California's drought forces a look at the water required to grow what we eat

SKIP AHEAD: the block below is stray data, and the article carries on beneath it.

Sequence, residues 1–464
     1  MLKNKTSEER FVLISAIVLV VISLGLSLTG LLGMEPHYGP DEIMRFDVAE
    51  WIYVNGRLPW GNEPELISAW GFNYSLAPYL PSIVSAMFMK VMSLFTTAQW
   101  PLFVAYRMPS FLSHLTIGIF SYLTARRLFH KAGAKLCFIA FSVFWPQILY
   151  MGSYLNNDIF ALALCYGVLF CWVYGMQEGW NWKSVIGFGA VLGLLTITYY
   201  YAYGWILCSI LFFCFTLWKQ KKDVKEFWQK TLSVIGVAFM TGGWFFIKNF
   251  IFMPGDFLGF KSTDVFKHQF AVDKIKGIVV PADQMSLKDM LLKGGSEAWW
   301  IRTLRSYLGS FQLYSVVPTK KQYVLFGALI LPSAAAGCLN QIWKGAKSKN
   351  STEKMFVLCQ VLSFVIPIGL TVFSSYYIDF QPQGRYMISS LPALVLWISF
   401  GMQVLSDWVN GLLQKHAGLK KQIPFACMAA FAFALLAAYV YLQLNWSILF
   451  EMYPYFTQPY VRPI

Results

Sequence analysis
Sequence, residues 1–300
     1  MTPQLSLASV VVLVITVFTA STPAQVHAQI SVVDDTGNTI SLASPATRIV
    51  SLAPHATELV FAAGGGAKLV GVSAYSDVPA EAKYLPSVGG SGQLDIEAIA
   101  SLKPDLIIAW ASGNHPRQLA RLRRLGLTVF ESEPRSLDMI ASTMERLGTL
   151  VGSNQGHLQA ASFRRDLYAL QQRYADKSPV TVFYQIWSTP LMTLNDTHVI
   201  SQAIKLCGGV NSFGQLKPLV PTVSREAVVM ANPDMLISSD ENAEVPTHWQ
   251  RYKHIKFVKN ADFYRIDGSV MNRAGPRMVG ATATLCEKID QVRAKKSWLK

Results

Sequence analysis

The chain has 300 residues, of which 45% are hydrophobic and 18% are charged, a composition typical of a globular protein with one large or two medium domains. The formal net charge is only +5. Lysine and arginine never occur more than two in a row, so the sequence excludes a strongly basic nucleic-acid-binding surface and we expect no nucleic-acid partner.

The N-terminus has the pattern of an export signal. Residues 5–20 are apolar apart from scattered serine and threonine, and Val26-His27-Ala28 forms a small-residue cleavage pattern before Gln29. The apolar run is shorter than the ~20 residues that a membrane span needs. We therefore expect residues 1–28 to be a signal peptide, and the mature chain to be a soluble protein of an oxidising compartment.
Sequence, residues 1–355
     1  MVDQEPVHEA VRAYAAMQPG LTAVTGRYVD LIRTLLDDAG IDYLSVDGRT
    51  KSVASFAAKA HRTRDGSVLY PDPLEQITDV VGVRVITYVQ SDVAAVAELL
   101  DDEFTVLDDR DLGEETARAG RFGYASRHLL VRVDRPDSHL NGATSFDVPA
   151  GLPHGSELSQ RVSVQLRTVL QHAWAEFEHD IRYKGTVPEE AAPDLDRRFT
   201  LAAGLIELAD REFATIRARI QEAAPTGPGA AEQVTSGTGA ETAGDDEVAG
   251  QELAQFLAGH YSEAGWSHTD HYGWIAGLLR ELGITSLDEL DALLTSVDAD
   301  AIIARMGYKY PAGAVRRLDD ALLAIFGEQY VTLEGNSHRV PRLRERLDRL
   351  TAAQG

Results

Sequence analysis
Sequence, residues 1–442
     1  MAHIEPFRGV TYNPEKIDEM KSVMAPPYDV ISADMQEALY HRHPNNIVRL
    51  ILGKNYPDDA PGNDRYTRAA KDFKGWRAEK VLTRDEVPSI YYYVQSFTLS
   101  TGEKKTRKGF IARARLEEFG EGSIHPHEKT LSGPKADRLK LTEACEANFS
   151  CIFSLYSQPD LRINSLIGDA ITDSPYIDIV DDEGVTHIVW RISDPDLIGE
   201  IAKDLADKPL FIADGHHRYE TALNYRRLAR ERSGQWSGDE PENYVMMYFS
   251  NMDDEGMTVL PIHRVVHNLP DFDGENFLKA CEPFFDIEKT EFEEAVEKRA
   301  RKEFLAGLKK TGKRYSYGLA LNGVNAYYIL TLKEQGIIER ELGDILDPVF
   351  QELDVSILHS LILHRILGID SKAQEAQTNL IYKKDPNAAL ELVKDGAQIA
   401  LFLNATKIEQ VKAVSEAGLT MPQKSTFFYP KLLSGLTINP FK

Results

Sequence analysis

More than 40 percent of California is suffering through what the U.S. Drought Monitor terms "exceptional drought." While the Golden State's urban users have been told to use 25 percent less water than they did in 2013, its highly productive agricultural industry—which consumes 80 percent of the water tapped for humans in California—has (until recently) largely avoided water restrictions. The Los Angeles Times crunched numbers from the UNESCO-IHE Institute for Water Education to find out exactly how much water goes into producing many of the foods U.S. residents eat (more than 400 of which are grown in California). Replace meat with nuts and pulses (such as lentils, chickpeas, and beans) and the water footprint of the average American diet could drop by 30 percent. Here's how much water goes into some of the things you consume.